Body after baby: a pilot survey of genital body image and sexual esteem following vaginal birth
Authors Zielinski R, Kane Low L, Smith AR, Miller JM
Received 23 September 2016
Accepted for publication 12 December 2016
Published 13 April 2017 Volume 2017:9 Pages 189—198
Checked for plagiarism Yes
Review by Single-blind
Peer reviewer comments 2
Editor who approved publication: Professor Elie Al-Chaer
Ruth Zielinski,1 Lisa Kane Low,1–3 Abigail R Smith,4 Janis M Miller1,3
1Department of Health Behavior and Biological Sciences, School of Nursing, University of Michigan, Ann Arbor, MI, USA; 2Department of Women’s Studies, College of Literature, Science and the Arts, University of Michigan, Ann Arbor, MI, USA; 3Department of Obstetrics and Gynecology, University of Michigan, Ann Arbor, MI, USA; 4Arbor Research Collaborative for Health, Ann Arbor, MI, USA
Objective: The aim of this study was to determine acceptability of the Vaginal Changes Sexual and Body Esteem (VSBE) scale for women post childbirth and explore the association between childbirth events and sexual/body esteem.
Design: This is a cross-sectional study within the Evaluating Maternal Recovery from Labor and Delivery study.
Setting: This study was conducted in a community setting.
Population: The study was conducted in women post first vaginal birth with birth events that posed risk factors for levator ani muscle tears.
Methods: Survey, magnetic resonance images of levator ani, and physical examination were the data collected 8 months postpartum. Birth variables were collected by hospital chart review. Descriptive analysis of VSBE response rates and distribution of responses was conducted. An exploratory analysis of the potential association of demographic, birth, clinical, and magnetic resonance image characteristics with VSBE scores was conducted.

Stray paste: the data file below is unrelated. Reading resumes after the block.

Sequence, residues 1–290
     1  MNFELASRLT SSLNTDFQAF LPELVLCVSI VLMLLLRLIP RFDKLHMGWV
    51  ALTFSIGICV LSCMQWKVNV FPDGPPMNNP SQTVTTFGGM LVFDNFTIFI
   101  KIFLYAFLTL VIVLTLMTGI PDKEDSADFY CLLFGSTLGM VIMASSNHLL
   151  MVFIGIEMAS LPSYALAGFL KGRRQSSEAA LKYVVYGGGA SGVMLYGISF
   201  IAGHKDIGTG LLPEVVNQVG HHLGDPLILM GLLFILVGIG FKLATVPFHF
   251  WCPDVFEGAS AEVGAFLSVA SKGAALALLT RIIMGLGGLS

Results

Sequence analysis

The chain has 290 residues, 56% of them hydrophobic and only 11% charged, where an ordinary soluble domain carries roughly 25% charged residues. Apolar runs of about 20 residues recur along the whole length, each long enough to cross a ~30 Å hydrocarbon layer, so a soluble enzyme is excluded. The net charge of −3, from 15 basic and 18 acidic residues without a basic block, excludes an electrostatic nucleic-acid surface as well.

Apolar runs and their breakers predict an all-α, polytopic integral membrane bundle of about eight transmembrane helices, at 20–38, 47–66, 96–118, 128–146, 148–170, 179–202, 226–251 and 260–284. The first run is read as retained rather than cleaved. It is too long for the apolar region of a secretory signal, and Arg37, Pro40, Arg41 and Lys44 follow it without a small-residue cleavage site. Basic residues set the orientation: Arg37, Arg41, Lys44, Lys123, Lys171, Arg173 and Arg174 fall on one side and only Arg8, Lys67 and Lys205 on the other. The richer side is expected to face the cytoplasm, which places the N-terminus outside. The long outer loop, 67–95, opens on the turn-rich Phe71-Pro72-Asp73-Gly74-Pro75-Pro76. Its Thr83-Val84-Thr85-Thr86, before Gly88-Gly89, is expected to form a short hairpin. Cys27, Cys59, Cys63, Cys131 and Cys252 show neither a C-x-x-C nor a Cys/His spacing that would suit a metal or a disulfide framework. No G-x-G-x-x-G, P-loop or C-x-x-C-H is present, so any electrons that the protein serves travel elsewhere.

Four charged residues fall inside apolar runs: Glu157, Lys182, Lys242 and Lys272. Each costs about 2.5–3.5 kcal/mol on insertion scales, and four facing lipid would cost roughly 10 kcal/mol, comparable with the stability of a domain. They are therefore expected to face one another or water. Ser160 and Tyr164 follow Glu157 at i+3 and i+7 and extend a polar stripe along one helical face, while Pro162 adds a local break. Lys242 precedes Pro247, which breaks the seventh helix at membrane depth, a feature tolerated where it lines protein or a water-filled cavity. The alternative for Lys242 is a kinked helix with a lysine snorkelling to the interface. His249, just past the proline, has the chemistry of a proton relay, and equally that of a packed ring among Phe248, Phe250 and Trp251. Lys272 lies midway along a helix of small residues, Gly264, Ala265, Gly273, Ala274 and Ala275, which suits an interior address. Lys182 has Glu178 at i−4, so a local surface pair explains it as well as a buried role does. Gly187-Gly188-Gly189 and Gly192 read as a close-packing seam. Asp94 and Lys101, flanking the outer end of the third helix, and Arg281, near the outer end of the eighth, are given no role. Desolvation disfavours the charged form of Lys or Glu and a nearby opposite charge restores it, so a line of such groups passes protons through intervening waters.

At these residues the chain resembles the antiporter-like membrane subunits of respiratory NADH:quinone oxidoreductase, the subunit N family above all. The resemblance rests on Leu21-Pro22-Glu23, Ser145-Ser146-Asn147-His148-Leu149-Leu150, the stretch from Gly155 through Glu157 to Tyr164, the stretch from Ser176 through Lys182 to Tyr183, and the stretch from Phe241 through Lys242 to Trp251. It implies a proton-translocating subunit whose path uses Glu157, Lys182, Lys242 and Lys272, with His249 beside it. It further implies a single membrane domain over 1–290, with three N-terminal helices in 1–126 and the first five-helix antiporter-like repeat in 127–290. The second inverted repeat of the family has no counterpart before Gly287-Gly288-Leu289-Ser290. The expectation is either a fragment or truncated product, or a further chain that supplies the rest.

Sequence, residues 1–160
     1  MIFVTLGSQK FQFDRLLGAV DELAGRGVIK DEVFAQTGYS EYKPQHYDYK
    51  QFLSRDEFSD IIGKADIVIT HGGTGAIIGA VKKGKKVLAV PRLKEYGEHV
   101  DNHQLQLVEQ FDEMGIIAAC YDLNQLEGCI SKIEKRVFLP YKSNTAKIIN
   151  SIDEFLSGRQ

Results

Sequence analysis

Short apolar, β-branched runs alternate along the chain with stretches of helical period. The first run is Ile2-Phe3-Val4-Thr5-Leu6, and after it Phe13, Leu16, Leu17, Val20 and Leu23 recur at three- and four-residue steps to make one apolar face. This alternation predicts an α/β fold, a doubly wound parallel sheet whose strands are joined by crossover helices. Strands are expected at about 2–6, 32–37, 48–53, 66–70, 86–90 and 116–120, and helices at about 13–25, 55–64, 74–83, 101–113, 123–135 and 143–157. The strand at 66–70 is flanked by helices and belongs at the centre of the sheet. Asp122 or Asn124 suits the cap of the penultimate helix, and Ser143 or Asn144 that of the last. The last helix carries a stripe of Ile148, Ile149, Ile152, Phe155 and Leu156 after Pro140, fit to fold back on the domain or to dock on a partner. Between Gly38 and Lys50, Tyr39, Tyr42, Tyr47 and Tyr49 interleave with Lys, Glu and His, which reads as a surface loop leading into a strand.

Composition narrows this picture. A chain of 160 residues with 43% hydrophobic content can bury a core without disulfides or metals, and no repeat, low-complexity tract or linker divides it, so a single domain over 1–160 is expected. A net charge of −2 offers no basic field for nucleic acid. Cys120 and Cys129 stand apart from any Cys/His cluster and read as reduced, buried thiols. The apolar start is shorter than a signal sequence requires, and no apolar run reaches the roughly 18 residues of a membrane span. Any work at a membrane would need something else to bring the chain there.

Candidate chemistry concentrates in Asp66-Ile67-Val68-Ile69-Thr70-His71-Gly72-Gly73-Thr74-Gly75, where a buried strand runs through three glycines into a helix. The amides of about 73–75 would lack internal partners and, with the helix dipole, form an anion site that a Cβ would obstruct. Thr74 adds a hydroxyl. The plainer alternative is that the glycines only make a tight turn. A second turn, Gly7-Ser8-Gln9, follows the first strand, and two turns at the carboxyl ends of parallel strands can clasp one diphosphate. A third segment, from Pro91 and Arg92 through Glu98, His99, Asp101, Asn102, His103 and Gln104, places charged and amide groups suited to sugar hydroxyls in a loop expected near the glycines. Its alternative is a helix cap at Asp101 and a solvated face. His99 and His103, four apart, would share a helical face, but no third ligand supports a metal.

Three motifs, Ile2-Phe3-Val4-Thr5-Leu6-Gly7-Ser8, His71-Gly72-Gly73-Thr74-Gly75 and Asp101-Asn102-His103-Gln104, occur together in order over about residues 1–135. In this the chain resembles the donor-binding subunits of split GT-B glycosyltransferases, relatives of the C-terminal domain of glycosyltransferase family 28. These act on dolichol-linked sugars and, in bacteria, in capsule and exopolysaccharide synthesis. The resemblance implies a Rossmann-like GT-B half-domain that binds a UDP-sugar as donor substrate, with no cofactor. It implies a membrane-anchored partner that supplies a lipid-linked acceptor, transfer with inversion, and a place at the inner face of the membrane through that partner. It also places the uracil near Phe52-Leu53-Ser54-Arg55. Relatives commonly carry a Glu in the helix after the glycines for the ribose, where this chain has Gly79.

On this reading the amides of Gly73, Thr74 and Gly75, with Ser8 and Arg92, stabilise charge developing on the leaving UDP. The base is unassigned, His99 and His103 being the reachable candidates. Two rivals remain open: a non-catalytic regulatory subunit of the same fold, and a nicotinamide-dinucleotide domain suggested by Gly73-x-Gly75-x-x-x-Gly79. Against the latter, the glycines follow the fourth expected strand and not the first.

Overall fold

Main outcome measures: The outcome measure used in this study is VSBE scale.
Results: The majority of participants (97%) completed the scale, with responses to most questions skewed toward positive sexual/body esteem, with the exception of sexual enjoyment, where 38% indicated some interference due to genital changes. The scale showed high internal consistency (alpha =0.93). In the exploratory analysis of potential characteristics associated with VSBE, women with episiotomies had lower sexual/body esteem compared to those who did not (median VSBE scores 35 vs 42.5, P=0.01). Anal sphincter tear was not associated with sexual/body esteem (P=0.78). Additional study is indicated to further explore observed trends toward the association of severe levator ani tear, maternal age at childbirth, and forceps with VSBE scores.
Conclusion: The VSBE is suitable for use to assess sexual/body esteem in women post childbirth. Most women in this sample did not indicate negative genital body image/sexual esteem. However, some indicated that the changes post birth negatively affected their sexual/body esteem, particularly those who had episiotomies.
Keywords: childbirth, pelvic floor disorders, episiotomy, genital cosmetic surgery, scale development, pelvic organ prolapse, Kegel muscle
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